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Are RSS Subscribers Worthwhile if they Don’t Visit Your Blog?

Posted By Darren Rowse 14th of November 2008 Blog Promotion, Featured Posts, RSS 0 Comments

“Why do bloggers put so much focus upon growing RSS subscriber numbers to their blog if most of them only ever read your content in Feed Readers and don’t visit your blog?”

This question (or variations of it) hit my inbox 3 times in 24 hours from different people so I thought I’d tackle it as a post instead of individual replies.

Let me start by saying that this problem can be frustrating. You see your RSS subscriber number growing by your actual visitor numbers remain steady – as do your comment numbers. It can actually feel like you’re wasting your time – I remember myself feeling kinda like this guy when I first noticed this happening to me:

RSS-Readers-frustrated.pngImage by Sybren Stüvel

However all is not lost.

There are a number of points that I’d like to make in responding to this question about RSS subscribers not visiting a blog. I hope that they give those facing this problem a little hope, encouragement and also a few ways forward.

1. A subscriber that never visits is better than a one off visitor who never returns

I had one blogger recently tell me that he’d removed the option to subscribe to his blog via RSS from his blog because he didn’t want to ‘give away’ his content. He wanted people who read his content to ‘pay’ him by visiting his blog (and earning him money from his advertising) and he saw RSS subscribers as ‘freeloaders’.

My response to him was that I’d rather have a subscriber who rarely visits my actual blog than a one off visitors who never returns because they have no way of keeping in touch.

While a subscriber might not actually visit your blog they are a powerful connection to have. My reasons for this will hopefully become evident in the points that follow.

2. Every post you put in front of a subscriber is an opportunity to reinforce your brand.

RSS subscribers are opting in to receive your content. When they hit ‘subscribe’ they are putting themselves inside your sphere of influence and are asking you to teach, inspire and communicate with them.

Each time you hit publish on a post and a subscriber sees something that you’ve written you have the potential to deepen the relationship, trust and influence that you have with your subscriber. While this might not have an immediate pay off in terms of advertising revenue – it can have a long term ‘pay off’.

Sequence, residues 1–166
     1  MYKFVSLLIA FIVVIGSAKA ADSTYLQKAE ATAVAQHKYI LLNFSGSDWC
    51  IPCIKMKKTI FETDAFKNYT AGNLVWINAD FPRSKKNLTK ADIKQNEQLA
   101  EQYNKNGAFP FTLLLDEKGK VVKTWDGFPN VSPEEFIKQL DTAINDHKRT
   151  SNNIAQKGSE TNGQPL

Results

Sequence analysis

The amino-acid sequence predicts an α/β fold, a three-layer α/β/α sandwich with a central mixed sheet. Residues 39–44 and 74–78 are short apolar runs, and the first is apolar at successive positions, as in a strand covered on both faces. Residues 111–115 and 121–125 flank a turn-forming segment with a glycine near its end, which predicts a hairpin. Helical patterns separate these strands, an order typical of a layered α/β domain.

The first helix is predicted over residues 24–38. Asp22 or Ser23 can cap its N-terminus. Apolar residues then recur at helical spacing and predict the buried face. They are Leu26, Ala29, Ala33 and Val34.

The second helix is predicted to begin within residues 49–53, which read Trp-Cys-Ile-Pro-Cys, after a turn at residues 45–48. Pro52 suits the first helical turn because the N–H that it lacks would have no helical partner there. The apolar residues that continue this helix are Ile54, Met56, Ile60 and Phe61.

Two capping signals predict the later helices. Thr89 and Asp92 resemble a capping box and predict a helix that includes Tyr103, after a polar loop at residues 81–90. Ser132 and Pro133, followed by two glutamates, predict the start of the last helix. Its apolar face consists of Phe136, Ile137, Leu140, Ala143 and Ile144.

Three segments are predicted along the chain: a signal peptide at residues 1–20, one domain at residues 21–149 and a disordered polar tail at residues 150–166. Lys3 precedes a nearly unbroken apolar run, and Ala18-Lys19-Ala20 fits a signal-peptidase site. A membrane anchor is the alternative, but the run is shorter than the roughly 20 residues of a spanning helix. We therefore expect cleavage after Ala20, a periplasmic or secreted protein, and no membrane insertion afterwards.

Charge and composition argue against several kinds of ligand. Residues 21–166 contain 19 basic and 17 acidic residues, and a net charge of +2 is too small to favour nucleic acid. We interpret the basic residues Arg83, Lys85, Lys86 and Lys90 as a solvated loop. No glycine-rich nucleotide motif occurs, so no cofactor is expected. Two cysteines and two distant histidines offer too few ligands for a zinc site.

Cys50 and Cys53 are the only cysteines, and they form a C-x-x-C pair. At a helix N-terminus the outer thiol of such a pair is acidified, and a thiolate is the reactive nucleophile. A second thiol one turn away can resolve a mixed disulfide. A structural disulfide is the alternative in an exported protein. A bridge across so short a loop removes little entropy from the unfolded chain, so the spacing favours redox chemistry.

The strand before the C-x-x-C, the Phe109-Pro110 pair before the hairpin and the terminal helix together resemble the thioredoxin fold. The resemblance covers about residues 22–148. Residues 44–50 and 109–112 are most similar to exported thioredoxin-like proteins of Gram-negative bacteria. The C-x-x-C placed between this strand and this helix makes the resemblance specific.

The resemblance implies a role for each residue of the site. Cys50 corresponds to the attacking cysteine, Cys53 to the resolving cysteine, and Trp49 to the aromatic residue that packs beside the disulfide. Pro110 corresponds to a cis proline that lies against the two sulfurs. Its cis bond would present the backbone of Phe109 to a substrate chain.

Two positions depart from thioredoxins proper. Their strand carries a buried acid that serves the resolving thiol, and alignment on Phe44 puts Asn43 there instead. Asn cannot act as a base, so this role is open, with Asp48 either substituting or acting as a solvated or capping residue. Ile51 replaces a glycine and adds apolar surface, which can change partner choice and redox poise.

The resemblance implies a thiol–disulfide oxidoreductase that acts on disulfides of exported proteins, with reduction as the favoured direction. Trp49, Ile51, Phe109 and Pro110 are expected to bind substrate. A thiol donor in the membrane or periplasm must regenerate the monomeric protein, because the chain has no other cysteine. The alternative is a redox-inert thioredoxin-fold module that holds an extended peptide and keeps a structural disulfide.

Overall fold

3. RSS subscribers are Influencers

RSS is used by a smallish percentage of the population (around 11% at latest reports).

While the percentage may be smallish – I have a suspicion that they are a reasonably tech savvy and influential bunch of people. I’m guessing here – but I suspect that those who use RSS are also likely to have blogs themselves, they’re more likely to be into social networking, messaging and bookmarking tools.

This makes RSS readers a potentially very influential audience – capable of spreading news of your posts and blog throughout the web very quickly.

4. Making the Mind shift from Traffic to Influence

When I started blogging one of the main indicators that I looked at when measuring the success of my blog was traffic. If I had a day with lots of visitors I was happier than if I did not have anyone visit my blog.

While traffic is still important to me – I’ve noticed lately that I’m checking my visitor stats less than I used to. These days I’m increasingly interested in ‘influence’.

I don’t mind so much if someone reads my content on my blog, in an RSS reader or in some other tool – what matters to me is that people are reading it, that in doing so they interact with me, that they are drawn into some sort of ‘relationship’ or ‘community’ around the content.

My reason for this is that I’m finding that while traffic can be monetized directly – influence is actually a more powerful (and potentially profitable) thing. Let me explain more in my next point.